Posts Tagged: fees

News

‘Portable’ pensions: Historic changes loom

A photo illustration of pension protection. (Photo: Billion Photos, via Shutterstock)

In a decision that could serve as a national model, Gov. Jerry Brown is considering legislation to allow millions of private-sector employees to steadily build their pensions without interruption — even when they change jobs.

News

November: Ballot props lining up

A California voter casts a ballot. (Photo: Vepar5)

One thing about California’s lineup of looming ballot propositions: You can’t say they aren’t interesting. From school bonds to the environment to condoms to drugs to plastic bags, and more, voters already are set to vote on seven propositions on the November ballot. And many more are in the wings.

News

CalPERS: Tensions rise over private equity fees

CalPERS' headquarters in Sacramento. (Photo: Coolcaesar/en.wikipedia)

Calpensions: After the CalPERS staff gave the board a correction last week for providing misinformation about private equity fees, the board member who has been grilling staff on the issue walked out of a private staff meeting because he was not allowed to record it.

Opinion

Big Oil should read the fine print

As rush hour approaches, traffic on the Golden Gate Bridge. (Photo: Frontpage)

OPINION: The oil company partisans and their legislative allies apparently failed to read past the first five pages of the bill. Buried in the back pages of SB 350 is a full codification of the 2030 and 2050 climate targets that the industry thought it defeated, along with a powerful new set of directives to state energy agencies to meet those targets.

News

2016 ballot a fight over everything

Voters in Los Angeles casting their ballots on election day. (Photo: Joseph Sohm)

Bottled water, immigration, condoms, hospital fees, plastic bags, statehood, alimony – those are just a smattering of the issues on, or trying to get on, California’s 2016 statewide ballot. There are 36 proposed initiatives that are either awaiting review in the Attorney General’s Office or are being shopped around California’s 58 counties for signatures.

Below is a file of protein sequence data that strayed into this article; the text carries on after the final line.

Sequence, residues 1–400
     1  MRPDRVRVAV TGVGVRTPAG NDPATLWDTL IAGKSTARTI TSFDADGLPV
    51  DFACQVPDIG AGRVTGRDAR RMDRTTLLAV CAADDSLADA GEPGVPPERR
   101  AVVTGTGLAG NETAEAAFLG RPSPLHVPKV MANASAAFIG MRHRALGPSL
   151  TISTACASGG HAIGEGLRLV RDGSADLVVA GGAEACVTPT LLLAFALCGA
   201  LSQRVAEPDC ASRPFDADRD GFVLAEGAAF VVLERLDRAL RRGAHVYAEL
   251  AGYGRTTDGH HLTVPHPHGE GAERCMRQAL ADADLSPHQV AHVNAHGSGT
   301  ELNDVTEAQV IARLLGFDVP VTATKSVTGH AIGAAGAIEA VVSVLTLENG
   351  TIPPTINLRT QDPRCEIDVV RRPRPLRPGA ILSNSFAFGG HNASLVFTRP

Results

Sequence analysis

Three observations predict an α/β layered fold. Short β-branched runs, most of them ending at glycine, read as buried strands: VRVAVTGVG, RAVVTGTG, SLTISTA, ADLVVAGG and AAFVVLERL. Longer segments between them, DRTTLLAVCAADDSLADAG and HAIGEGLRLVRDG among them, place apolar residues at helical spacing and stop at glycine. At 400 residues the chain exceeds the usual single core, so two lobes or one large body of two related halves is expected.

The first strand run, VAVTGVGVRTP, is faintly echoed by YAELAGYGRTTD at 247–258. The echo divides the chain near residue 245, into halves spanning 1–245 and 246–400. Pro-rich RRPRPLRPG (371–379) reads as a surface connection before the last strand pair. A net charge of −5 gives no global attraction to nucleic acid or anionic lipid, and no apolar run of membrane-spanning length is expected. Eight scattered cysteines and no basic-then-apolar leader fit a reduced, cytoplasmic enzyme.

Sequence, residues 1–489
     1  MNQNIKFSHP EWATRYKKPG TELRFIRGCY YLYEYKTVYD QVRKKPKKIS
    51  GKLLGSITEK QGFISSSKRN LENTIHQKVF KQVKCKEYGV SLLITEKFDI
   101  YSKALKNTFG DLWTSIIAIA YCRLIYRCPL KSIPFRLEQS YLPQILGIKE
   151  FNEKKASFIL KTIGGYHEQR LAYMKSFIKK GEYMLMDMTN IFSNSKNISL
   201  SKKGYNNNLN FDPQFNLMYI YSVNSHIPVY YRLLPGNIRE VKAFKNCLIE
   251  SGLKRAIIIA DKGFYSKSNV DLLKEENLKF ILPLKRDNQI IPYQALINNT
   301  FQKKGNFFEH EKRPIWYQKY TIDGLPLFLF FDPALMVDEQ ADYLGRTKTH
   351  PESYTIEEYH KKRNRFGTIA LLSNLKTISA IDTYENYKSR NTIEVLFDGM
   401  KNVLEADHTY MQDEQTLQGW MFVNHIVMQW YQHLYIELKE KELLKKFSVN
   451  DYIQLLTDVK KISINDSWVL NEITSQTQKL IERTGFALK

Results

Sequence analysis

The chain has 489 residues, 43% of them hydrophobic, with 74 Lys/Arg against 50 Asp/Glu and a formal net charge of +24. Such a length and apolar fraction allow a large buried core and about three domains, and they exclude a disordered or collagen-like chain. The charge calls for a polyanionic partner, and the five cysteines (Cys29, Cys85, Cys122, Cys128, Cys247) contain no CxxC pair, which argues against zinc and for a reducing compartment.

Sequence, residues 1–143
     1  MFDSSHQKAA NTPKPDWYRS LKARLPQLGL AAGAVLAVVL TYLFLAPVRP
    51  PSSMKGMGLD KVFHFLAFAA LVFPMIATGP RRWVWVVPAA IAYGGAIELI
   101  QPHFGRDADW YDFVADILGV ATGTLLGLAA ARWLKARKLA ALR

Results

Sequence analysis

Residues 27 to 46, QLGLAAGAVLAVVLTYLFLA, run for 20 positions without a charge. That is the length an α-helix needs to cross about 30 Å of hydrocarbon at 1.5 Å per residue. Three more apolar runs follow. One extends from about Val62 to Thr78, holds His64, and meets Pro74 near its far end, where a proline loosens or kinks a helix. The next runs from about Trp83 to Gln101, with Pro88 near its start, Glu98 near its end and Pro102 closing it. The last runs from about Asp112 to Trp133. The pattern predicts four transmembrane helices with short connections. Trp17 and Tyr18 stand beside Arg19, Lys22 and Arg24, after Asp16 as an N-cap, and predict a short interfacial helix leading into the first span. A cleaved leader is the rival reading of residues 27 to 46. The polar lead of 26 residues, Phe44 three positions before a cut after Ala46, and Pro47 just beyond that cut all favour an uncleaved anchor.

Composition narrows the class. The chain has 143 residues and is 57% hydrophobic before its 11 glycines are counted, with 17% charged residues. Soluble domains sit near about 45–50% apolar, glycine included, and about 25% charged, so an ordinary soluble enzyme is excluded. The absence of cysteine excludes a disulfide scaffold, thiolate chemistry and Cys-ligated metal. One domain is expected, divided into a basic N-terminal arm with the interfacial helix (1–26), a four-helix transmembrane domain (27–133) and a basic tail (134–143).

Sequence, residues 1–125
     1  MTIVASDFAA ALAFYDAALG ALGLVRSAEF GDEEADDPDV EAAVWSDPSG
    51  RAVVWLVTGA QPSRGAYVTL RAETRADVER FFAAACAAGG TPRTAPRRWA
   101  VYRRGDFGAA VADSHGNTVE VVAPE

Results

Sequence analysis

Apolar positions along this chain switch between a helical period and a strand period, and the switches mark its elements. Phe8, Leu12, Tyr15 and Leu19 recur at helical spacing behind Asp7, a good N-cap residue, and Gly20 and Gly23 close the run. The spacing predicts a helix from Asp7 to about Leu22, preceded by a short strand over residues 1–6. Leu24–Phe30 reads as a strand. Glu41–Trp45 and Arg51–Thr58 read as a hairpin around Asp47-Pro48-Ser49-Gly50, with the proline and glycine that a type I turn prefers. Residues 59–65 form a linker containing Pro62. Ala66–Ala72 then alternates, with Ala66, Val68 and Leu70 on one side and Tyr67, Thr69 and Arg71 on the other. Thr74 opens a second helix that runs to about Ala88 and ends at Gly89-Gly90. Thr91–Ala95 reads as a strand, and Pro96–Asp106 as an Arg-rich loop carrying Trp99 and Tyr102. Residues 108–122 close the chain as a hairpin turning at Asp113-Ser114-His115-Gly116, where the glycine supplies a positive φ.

News

Special session: Fixing the potholes

Downtown Los Angeles, as traffic zips along. (Photo: Sean Pavone)

Gov. Brown’s call for a special legislative session to fix California’s crumbling roads, highways and bridges comes as music to the ears of those who build big projects. For months, groups representing labor, contractors, local governments, transportation interests and others worked on legislation to revamp the state’s roads and ease the movement of freight at the state’s ports. That legislation may serve as the centerpiece of the special session.

News

Initiative targets CalPERS’ ‘poison pill’

A pension reform initiative filed last week requires voter approval of termination fees, the big upfront payment demanded by CalPERS when a plan is closed to new members. CalPERS says it needs the money to ensure payment of the pensions promised members who remain in the closed plan. The termination fee is calculated by dropping the pension fund earnings forecast from the current 7.5 percent to as low as 2.98 percent.

News

Amnesty for traffic fines, court fees in Brown’s budget

As rush hour approaches, traffic on the Golden Gate Bridge. (Photo: Frontpage)

Gov. Jerry Brown, who got nailed for parking in a yellow zone, is pushing an amnesty program for millions of California drivers caught in what he called a “hellhole of desperation” from spiraling legal fines and fees. Some 4.2 million California motorists – one in six drivers across the state – have suspended licenses because they can’t afford the fines, according to a recent study. Hardest hit are low-income drivers.

News

A move to restore suspended driver’s licenses

California motorists in a traffic jam. (Photo: Shutterstock)

With one in six California drivers – about 4.2 million people — having suspended licenses because they can’t pay court fines, a lawmaker has proposed reducing the suspensions in non-violent cases and setting up an amnesty program to help motorists.

News

Poll: Public opposes tuition increases — and new taxes

PPIC: Three out of four likely voters oppose forcing students to pay higher tuition at public colleges and universities, according to the latest survey by the Public Policy Institute of California. But most voters oppose raising taxes to meet the schools’ fiscal needs.

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